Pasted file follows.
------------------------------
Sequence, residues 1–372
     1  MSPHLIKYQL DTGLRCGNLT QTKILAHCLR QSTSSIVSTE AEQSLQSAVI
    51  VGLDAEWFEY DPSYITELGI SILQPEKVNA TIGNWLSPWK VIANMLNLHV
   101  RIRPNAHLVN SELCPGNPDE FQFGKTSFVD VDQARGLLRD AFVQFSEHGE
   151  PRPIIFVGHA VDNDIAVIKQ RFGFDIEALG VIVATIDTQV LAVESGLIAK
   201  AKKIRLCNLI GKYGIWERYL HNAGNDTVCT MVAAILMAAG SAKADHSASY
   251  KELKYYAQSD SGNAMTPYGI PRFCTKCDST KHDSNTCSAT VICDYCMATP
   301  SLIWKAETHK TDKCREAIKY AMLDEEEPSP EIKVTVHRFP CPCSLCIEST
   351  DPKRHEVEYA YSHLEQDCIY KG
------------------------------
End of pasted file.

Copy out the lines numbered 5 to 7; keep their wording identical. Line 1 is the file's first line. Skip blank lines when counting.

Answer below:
   151  PRPIIFVGHA VDNDIAVIKQ RFGFDIEALG VIVATIDTQV LAVESGLIAK
   201  AKKIRLCNLI GKYGIWERYL HNAGNDTVCT MVAAILMAAG SAKADHSASY
   251  KELKYYAQSD SGNAMTPYGI PRFCTKCDST KHDSNTCSAT VICDYCMATP